Aditya Dhar’s film on the 2016 surgical strikes starring Yami Gautam and Vicky Kaushal only glorifies war in an election year.
Usually war films don’t glorify wars. Films like Saving Private Ryan, Inglourious Basterds and Dunkirk were critically acclaimed because they showed that no one really wins in a war. Clearly, writer-director Aditya Dhar does not seem to think so. Because his film Uri: The Surgical Strike —starring Vicky Kaushal and Yami Gautam — has one message and one message only: War is good, because REVENGE.
The 2016 surgical strike by India has been a controversial topic and has generated conflicting narratives between India and Pakistan about what actually happened. Pakistan maintains that there was no such strike and India insists it was successful. The result? A Bollywood film that employs a thousand cliches about Pakistanis, Muslims and glorifies war, extra-judicial torture, and confessions under duress — all to chant ‘Jai Hind’.
Vicky Kaushal plays Vihaan Shergill, an Indian whose mother has Alzheimer’s and whose brother-in-law Karan (Mohit Raina) was killed in the Uri attacks in 2016. Armed with pure revenge and some very attractive biceps, Shergill insists that he would win the battle against Pakistan without harming anyone. Cue bullets, blasts, an eagle-shaped drone, a thumpy Punjabi folk soundtrack (that is also shared by Pakistan, and only makes you think of how pointless war between the two countries is, because culturally, politically we’re cousins) and battle cries that whitewash war.
The film makes Pakistanis look like headless chickens suffering from gas. I’m not kidding. One of the Pakistani officers who speaks perfect Urdu is chugging antacids and burping at the speed of light. One of the ministers is golfing and can’t even make the putt. It’s as if director Aditya Dhar is saying, “Imagine the kind of incompetence they must display on the policy table!”.
The Indian policy makers smile and use Israel’s examples in war and call Pakistan a terrorist state over and over again. There is simply no nuance about the Kashmir issue and why militant groups in Kashmir are fighting a dirty war. It made me wish there were less films like these and more films like Vishal Bhardwaj’s Haider.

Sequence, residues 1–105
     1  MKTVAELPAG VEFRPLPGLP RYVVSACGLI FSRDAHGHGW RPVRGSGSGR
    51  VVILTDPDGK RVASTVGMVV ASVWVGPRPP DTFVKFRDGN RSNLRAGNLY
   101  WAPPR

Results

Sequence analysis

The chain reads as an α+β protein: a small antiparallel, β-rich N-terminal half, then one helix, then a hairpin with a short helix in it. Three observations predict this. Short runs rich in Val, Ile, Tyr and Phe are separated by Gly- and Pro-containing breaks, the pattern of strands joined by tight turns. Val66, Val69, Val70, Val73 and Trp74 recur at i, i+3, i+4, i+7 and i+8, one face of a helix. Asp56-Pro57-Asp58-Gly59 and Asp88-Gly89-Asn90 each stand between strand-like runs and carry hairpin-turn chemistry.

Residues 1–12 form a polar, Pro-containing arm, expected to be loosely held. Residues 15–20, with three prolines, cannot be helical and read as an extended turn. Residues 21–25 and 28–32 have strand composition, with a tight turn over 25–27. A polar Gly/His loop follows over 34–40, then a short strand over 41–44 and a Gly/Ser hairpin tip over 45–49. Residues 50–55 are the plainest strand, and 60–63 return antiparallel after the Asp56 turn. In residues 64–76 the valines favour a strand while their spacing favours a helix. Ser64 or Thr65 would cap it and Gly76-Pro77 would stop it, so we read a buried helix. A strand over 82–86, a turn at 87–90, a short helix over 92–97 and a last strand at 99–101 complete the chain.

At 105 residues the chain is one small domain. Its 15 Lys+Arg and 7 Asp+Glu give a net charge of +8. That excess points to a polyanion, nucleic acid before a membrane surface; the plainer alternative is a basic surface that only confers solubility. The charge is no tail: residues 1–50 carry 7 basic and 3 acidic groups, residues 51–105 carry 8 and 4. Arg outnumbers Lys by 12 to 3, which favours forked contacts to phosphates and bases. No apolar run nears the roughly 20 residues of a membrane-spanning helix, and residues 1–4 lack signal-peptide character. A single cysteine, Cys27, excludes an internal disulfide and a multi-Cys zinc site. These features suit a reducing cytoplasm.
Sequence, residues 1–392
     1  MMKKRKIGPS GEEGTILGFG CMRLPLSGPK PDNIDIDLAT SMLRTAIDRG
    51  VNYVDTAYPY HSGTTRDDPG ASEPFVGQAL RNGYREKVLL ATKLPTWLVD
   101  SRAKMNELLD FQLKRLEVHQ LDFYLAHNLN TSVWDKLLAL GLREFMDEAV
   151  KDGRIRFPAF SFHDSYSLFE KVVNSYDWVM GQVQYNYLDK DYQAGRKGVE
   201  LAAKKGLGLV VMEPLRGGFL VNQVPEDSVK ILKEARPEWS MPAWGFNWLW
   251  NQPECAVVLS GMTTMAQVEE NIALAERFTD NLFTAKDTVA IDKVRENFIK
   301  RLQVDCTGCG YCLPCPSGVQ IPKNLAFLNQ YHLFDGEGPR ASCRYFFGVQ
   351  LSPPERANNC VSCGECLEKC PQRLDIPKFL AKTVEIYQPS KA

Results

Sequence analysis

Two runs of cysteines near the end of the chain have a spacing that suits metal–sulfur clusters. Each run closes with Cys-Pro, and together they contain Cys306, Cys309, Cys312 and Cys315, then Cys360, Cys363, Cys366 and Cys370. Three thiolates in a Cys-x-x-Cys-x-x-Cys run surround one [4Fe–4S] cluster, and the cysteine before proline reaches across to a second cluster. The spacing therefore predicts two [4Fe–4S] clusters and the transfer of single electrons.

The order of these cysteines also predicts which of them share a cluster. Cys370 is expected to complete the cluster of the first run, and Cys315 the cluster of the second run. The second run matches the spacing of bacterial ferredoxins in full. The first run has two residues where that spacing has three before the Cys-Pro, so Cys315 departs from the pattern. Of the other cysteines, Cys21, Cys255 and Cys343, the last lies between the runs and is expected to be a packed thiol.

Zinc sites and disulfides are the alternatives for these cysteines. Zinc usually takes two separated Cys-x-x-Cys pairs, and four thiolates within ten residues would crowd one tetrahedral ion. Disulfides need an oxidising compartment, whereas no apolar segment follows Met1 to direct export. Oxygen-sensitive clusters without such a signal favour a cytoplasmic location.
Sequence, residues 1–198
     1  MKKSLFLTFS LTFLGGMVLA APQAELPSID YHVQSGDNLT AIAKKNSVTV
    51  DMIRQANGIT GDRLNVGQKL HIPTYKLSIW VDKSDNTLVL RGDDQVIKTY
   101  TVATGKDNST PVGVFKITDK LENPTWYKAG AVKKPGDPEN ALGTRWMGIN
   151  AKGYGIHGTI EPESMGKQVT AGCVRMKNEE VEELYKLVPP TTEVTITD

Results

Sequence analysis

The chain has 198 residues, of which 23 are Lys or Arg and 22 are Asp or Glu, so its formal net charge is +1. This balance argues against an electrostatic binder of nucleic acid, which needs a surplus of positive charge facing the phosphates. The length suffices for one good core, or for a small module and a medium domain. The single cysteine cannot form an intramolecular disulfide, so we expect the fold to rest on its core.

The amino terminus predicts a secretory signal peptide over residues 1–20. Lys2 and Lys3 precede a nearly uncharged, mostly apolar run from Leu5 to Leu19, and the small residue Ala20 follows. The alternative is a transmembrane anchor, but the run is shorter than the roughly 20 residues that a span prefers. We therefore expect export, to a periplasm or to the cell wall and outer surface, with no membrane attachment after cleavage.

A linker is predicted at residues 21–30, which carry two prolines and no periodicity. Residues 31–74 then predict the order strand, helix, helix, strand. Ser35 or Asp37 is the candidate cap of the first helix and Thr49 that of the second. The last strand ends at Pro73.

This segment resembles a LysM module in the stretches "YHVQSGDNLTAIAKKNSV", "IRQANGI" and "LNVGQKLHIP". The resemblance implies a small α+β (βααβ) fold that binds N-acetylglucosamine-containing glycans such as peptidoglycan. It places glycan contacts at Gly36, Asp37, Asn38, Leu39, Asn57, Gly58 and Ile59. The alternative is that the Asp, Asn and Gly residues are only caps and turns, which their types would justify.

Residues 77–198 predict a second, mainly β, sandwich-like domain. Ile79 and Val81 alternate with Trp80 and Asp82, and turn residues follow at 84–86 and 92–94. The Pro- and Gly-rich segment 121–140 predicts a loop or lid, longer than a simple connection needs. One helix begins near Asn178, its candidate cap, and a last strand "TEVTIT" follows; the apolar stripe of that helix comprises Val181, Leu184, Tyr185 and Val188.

And most importantly, a plea on behalf of all Pakistanis: Indian writers and directors, can you at least get our jargon straight? For starters, Pakistanis don’t start and end every sentence with “Janaab”. Pakistan is a very diverse and culturally rich country. Someone sitting in Punjab would not talk like someone from Karachi. May be if you unbanned our TV content, it would help you write more realistic dialogues for Pakistanis.
It’s an election year in India and the ‘josh’ to produce jingoistic films is definitely high, but it’s disappointing to see a powerful, influential industry like Bollywood resorting to reductive, hyper-nationalist films. Films like these serve as propaganda and only become tools to add to the hatred for Pakistan.
The world’s got enough hate already, hasn’t it?
My final verdict: Uri: The Surgical Strike is a well-made film that is an attempt to assure hyper-patriots that Bollywood will produce 10 films each year to satisfy nationalists, but only produce one film like Haider in a decade to speak the truth as an artistic community.
The author is a Pakistani liberal, feminist journalist, movie reviewer, YouTuber, Supermom & biryani connoisseur. Her Twitter handle is @mahwashajaz_